There are ways to disband a relationship honourably and ways that will make you into a tosser in his and everyone else's eyes due to how you've acted at the end.

SplittingHairs Wed 21-Feb-18 09:09:33

Honestly it is one bag of bedding, a towel, some toiletries and enough clothes for a few days. Just so I don't have to break up with him and then spend ages sorting a load of stuff out if he is angry. I am not in any way sneakily moving out around him.

I don't know how he will react, he is a sensitive sort though, we had one huge argument about 4 years ago and he did the whole "I can't go on without you" thing and I don't want that to put me off getting on with it. I need to break the news, take my bag and go rather than having to work stuff out after. I care about him and if he is begging and crying then I am worried I won't have it in me to follow through.

Tenancy kicks in on the 9th of March. I made the decision to leave him on Sunday.

LemonShark Wed 21-Feb-18 09:16:28

Fair dos OP, you sound like you have a decent plan! I'm glad you're not doing what my ex did and I've known others to do. What you're doing sounds very sensible. It's definitely for the best to be able to end it and then leave, so you can get some space.

Might be worth letting him know when you end it that you're going now but will meet up in a couple of weeks to talk and answer any questions. Then keep phone contact to an absolute minimum.

Karigan1 Wed 21-Feb-18 09:21:26

When I ended it with the ex He left and then two weeks later went back whilst I was at work and stripped the house. He took everything of value. I still haven’t built it all back up 4 years later but at least he’s gone

SplittingHairs Wed 21-Feb-18 09:22:09

I don't want to be cruel to him, he has not done anything to deserve cruelness, I just don't want to be with him any more.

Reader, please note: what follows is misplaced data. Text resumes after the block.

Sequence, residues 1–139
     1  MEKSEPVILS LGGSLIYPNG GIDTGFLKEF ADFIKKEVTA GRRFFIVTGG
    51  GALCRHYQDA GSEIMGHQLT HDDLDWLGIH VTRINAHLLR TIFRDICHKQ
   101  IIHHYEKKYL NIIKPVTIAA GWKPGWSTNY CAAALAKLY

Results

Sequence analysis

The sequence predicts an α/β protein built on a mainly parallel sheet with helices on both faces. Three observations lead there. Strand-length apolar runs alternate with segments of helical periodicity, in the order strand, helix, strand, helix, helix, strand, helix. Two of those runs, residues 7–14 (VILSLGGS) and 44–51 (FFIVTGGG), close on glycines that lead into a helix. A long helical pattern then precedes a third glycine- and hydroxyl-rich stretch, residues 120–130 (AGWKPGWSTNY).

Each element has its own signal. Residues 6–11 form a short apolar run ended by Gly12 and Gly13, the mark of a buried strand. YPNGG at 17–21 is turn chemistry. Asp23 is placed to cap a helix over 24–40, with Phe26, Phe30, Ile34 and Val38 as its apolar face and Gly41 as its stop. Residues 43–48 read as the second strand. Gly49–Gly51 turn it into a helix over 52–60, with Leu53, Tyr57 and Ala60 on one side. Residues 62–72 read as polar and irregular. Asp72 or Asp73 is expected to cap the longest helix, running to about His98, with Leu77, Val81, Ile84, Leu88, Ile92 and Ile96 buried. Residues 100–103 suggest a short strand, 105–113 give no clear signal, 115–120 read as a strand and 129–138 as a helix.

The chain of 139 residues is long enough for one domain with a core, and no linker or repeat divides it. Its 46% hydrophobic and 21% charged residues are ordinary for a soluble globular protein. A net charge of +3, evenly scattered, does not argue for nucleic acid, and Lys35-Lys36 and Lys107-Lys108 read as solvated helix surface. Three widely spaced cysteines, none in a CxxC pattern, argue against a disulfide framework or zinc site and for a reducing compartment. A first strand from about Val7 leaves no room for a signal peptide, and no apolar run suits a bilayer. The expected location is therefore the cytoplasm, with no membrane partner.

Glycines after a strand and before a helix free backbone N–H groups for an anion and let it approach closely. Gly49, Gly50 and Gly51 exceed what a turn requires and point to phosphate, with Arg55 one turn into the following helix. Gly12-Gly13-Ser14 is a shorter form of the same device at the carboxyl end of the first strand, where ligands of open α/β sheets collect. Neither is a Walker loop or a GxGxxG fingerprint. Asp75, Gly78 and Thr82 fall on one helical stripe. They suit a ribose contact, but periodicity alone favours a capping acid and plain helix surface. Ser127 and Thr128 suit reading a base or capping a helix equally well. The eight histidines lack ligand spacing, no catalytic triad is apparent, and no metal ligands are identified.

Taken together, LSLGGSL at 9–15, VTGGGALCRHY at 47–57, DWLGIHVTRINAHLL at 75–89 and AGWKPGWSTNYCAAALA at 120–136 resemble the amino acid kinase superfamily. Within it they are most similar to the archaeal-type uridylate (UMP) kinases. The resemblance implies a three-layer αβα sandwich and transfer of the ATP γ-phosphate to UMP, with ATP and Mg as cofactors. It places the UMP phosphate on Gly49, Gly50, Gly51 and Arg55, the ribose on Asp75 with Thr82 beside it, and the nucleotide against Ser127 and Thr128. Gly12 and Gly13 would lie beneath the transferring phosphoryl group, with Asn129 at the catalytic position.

Will do it on the Saturday morning, then go back the next week to start the splitting stuff up, talk, answer questions etc.

Thank you so much for your help everyone, I really appreciate it and I will let you know how everything goes.

Karigan1 Wed 21-Feb-18 09:45:51

Yeah I was more saying not be cruel to him but be alert that he may be cruel to you so protect yourself too

SplittingHairs Wed 21-Feb-18 09:58:20

That is a very good point Karigan.

There are things that I can take on the day as well, like my laptop and jewelry that wouldn't take much gathering.

I don't really think he would be like that but I don't want to leave myself vulnerable.

NotTheFordType Wed 21-Feb-18 17:10:37

I love his family and I am really upset that I will be walking out on them too.

I was in this position and it really hurts. I sent a message to all his children/siblings/cousins etc on FB that it was too painful to continue being connected to them, but I wished them all well and was happy that I had had the opportunity to meet them.

Then I unfriended them. It really hurt (especially with his youngest DC who was the same age as my DC) but it was the right thing to do for me and for them.

SplittingHairs Thu 08-Mar-18 09:29:08

D-day tomorrow,
I feel really anxious, have barely slept all week.

I need to do this, someone please give me the willpower to not cave...

hellsbellsmelons Thu 08-Mar-18 10:40:46

but I am unhappy for so many reasons and need to leave.
Just remember this.
Think about how little you have sex and the fact it isn't very good when you do.
Think about all the times he ignores you and would rather play games on his phone.
How he does sweet FA around the house.
How he has never even bothered to cook you a nice meal in 7 years.
His immaturity.
Please make a list of all the negatives so you don't lose your resolve.
I fear you will when he breaks down and cries when you leave.
Please stay strong.
You are way too young to 'settle'
Get out there. Explore, enjoy and live a truly happy fulfilling life.
That's all I want for my DD.